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Comment Re:You just explained why Macs cost less (Score 1) 481

Name a modern schematic capture/PCB layout package that runs on OSX. OrCAD, PADS/PCB, or Altium (used by Apple) all run on Windows only. There are a few, tiny hobbyist programs, but nothing mainstream that paying customers would want.

Name a 3D parametric CAD package that runs on OSX. Solidworks, NX, Creo (used by Apple) all run on Windows only. There are a few, tiny hobbyist programs, but nothing mainstream that paying customers would want.

Oh, and OSX is about 6% of the total market. That's a strong 2nd place to the ~92% Windows market share! But at least it's ahead of Linux so you go that going for you...

Nice strawman you got there! The original premise was that Mac USERS used Macs because the USERS were non-technically-adept. When I provided some anecdotal evidence in the form of several long-time Mac-using friends of mine (plus myself) who most certainly belied that stereotype, you pivot the argument to whether the MAC (not the USERS) was "incompetent" (had no available software) to use with "electrical design" work. Nice try!

But to answer your "challenge" anyway, I will say this, regarding my own experience trying to do embedded hardware and software development on Apple equipment since 1980:

Of course it has always been a challenge to find tools for electronic hardware and software design on ALL non-Windows platforms. But unless you are doing really high-end stuff, it has always been possible. And now, even some of the high-end packages are starting to come around.

One of the brightest areas comes in the form of software toolchains for embedded development. Many major microcontroller OEMs, such as Microchip, ST, Atmel, and others have released full, and fully-supported, development toolchains (one of the first being Microchip, who achieved a major headstart by purchasing the makers of Hi-Tech C compilers, which already had Mac versions of their compilers). And the list grows every year. And some people even use an Eclipse-based toolchains and even XCode to do embedded development. So actually, the software dev. side is getting pretty good at this point.

The hardware design side isn't as rosy; but it too, is gradually getting better each year.

As far as schem. Capture, simulation, and PCB design, one of the most competent packages (with the world's worst website!) is a package I personally used back in 1984 on the original 128k "toaster Mac": VAMP Inc.'s McCAD. It offers full-blown and integrated capture, simulation, PCB layout and Auto-routing modules, all of which are quite "competent", and in no-way "hobbyist" level. The pricing alone will dispel any of those allusions! As I said, don't let the amateurish website fool you: This is the real deal. I have used both OrCAD (extensively) and Altium (yes, both on Windows), and I can tell you that McCAD is easily their equal. By the way, OrCAD (and Cadence itself) is one of the nastiest, buggiest, most uneven pieces of shit I have ever used, and ultimately drove my employer at the time to switch to Altium (which I feel is only superior when compared with the POS that is OrCAD). I have only played with PCAD/PADS in demo versions, so I can't speak to them.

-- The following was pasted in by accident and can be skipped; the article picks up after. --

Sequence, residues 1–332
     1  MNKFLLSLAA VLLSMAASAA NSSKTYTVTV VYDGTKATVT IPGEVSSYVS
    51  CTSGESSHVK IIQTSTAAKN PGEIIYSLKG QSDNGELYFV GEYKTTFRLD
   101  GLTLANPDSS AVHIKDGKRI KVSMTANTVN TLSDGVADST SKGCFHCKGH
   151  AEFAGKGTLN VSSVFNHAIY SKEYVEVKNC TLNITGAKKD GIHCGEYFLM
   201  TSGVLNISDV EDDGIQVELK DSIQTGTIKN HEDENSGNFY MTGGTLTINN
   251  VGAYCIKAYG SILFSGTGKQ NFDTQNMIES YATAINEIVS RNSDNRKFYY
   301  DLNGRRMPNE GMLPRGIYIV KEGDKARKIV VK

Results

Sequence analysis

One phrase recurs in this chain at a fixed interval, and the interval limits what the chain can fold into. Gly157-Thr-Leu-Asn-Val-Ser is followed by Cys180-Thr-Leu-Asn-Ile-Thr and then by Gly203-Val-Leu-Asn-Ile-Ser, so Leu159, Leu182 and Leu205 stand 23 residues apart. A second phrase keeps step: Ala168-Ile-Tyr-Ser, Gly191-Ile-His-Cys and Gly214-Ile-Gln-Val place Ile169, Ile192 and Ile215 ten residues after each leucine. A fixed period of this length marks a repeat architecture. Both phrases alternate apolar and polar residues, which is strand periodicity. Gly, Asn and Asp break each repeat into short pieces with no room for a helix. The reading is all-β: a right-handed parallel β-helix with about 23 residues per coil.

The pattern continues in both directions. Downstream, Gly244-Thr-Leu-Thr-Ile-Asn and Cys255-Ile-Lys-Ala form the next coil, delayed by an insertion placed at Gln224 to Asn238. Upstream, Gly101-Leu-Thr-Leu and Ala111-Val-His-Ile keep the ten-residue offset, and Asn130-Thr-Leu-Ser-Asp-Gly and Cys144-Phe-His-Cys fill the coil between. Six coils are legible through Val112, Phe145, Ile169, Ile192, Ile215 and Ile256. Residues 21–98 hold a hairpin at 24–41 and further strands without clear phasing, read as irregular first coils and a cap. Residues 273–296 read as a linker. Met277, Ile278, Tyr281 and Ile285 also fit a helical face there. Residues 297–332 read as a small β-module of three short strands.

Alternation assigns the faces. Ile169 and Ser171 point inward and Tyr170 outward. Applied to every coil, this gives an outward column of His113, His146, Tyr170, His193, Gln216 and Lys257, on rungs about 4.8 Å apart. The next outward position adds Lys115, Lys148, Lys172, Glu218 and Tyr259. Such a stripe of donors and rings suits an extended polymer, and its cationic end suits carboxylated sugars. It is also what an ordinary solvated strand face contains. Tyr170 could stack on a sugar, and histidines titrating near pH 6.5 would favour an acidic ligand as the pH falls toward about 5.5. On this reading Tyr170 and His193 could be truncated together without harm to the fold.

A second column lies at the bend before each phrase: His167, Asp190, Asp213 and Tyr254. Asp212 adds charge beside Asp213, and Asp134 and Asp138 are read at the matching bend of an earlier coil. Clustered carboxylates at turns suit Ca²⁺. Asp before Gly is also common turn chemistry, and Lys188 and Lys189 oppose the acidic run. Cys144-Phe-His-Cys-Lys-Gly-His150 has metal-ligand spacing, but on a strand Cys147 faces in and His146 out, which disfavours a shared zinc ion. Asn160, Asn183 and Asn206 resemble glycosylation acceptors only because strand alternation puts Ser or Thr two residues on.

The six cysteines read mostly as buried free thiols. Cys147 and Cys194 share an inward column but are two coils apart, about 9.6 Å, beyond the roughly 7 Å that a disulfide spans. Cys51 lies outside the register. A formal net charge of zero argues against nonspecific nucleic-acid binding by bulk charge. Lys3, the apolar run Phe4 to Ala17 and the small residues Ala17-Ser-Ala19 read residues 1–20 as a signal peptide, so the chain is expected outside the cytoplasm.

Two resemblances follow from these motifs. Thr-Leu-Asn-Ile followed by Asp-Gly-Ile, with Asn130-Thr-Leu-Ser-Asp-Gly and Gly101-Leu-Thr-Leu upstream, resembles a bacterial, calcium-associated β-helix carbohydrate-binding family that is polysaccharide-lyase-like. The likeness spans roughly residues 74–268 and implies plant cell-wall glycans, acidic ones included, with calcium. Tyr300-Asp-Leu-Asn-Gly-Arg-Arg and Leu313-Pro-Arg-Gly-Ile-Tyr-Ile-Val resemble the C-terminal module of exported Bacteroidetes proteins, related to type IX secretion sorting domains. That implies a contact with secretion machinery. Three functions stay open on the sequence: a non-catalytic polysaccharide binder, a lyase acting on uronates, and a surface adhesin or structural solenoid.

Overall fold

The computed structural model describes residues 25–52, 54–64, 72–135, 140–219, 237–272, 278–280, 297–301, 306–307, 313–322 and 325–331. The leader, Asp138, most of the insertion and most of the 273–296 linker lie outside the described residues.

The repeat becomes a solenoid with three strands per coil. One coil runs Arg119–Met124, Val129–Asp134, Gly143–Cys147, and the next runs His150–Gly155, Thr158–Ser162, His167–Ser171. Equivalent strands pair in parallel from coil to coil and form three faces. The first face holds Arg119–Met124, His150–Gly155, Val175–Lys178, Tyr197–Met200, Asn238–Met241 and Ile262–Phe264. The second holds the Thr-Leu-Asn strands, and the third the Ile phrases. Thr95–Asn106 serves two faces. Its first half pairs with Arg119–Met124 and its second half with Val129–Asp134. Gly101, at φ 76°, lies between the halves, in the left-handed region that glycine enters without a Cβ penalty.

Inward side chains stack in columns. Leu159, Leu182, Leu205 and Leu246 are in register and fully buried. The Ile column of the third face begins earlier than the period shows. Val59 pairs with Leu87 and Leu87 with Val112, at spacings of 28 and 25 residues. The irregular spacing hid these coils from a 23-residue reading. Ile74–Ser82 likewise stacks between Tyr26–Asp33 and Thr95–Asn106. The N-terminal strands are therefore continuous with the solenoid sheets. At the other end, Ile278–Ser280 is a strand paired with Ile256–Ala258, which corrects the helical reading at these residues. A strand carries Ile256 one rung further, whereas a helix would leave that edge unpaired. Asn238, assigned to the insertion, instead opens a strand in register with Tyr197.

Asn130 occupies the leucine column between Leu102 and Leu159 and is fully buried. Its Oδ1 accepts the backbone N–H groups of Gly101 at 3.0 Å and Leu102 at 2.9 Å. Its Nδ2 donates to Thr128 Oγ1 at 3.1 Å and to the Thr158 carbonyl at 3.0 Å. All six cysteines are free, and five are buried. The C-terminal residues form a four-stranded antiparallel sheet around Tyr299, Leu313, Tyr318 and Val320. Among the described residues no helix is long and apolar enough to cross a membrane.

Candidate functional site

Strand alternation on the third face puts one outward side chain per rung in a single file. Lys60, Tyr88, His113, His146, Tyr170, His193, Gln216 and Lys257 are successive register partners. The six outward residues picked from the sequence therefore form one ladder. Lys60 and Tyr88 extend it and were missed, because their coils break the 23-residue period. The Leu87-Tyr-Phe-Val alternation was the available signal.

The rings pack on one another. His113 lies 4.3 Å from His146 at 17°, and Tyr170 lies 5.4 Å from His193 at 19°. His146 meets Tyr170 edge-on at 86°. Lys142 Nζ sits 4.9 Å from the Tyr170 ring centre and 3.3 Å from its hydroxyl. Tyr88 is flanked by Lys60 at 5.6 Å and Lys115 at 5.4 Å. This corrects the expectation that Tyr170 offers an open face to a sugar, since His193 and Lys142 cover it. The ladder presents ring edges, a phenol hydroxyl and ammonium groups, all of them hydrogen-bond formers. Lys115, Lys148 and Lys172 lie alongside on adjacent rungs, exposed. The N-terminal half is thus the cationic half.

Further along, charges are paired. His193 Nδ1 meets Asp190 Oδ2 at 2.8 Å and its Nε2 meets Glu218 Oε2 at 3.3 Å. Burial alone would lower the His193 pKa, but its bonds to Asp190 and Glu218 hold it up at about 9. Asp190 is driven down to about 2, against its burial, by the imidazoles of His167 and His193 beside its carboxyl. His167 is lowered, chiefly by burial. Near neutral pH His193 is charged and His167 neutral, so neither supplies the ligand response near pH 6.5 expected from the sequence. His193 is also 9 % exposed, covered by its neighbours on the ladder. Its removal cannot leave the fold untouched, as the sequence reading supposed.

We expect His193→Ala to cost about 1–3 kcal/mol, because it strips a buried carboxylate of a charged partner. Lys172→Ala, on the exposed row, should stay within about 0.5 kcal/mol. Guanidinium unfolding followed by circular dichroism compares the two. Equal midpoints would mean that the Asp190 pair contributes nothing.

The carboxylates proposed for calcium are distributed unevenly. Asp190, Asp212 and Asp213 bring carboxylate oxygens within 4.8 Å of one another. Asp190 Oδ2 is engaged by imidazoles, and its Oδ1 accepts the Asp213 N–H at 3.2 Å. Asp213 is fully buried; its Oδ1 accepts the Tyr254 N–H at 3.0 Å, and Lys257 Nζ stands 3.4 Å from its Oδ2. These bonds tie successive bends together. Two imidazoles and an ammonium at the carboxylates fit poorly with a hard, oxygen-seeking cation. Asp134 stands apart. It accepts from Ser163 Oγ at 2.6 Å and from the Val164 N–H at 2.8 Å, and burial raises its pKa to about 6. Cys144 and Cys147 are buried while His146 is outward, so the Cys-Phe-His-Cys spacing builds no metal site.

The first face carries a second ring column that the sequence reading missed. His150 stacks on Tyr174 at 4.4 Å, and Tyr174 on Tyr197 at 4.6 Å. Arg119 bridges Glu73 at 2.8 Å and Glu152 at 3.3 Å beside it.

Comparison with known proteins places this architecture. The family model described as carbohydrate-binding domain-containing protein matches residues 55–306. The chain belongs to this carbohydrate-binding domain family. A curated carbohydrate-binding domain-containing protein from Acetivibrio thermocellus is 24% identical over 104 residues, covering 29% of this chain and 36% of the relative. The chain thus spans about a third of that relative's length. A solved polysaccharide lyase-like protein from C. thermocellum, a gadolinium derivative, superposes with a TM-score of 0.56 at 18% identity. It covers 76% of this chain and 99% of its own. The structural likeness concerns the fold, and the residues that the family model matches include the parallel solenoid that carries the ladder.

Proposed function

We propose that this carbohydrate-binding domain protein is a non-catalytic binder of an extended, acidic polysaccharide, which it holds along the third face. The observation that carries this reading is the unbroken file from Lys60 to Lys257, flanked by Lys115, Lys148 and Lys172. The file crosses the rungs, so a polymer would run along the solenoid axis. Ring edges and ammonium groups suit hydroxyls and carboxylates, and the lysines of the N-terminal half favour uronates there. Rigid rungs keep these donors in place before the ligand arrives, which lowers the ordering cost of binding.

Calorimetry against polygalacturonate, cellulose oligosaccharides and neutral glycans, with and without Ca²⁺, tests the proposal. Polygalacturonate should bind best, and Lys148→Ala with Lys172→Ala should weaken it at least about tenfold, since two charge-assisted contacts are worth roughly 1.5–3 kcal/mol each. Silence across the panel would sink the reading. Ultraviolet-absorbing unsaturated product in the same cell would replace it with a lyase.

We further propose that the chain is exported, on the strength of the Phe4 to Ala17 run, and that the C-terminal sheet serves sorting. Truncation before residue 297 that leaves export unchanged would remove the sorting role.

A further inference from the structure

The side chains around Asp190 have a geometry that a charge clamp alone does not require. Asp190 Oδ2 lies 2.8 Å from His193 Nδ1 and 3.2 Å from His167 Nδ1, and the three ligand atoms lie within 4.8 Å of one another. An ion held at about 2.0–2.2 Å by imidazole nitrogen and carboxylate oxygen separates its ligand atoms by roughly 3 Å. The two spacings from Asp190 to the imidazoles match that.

The other solution is Eagle, which has offered an OS X-native (Cocoa) (rather than just an X11 port) version of its integrated design package for over a decade. Although it most definitely has its roots in the hobbyist world (and still offers limited hobbyist and educational editions), it has grown into a pretty nice package (with "pro-level" pricing to match!), with some wonderfully-unique features, such as a flexible scripting language that can be used for all sorts of typical and atypical things, a lot of which would be difficult, if not impossible, on any other design suite. So don't diss Eagle.

As far as CAD/CAM goes, the picture is bright and getting brighter. The biggest news comes in the form of Seimens PLM/NX, which has had a fully-supported Mac version since 2009. So, do try to keep up. And I have seen an "interview" that strongly alludes to the fact that full-blown PTC Creo is coming to the Mac. After all, they already have a few specific iOS Apps. Solidworks remains Windows-only, but with NX (and possibly Creo) being available, who cares if they don't get it. Oh, and let's not forget Vectorworks and AutoCAD. They are both quite competent CAD packages, and most certainly not "hobbyist"-class stuff. I haven't looked in awhile to see if Autodesk Inventor has been ported to OS X, but considering how tightly-integrated it is with certain video drivers, I wouldn't hold my breath. I frankly have always thought that AutoDesk made some of the most overrated products on the planet, and that, for 2D/3D CAD, that VectorWorks easily mops the floor with AutoDesk offerings.

But as I said, none of that is relevant to the original assertion that Mac USERS are ONLY using Macs because THEY (the USERS) just don't know enough to use anything not "dumbed down" (as if).

So, without posting resumes, I hope this is enough to make you apologize for, or at least acknowledge the fact, that your statements might have been JUST a little over-generalized and stereotyped.

Comment Re:You just explained why Macs cost less (Score 1) 481

Ask your "friends" who are doing electrical development work what OS they use. HINT: it won't be OSX...

First off, What's with the scare quotes around "friends"? I have known every single one of those people since around 1978, and we would all count each other among friends. So right off the bat, fuckyouverymuch.

And as far as your second bullshit ASSUMPTION, in some cases, you would be dead wrong. In fact, I have done embedded hardware and software design on Apple computers and OSes since around 1980. Yes, that would be on the Apple][. But then it was the Lisa, the original toaster Mac (including assemblers, plus integrated schematic capture, simulation, and PCB layout. Yes, even back in 1984), the Mac Quadra 900, the iMac, and a MacBook Pro.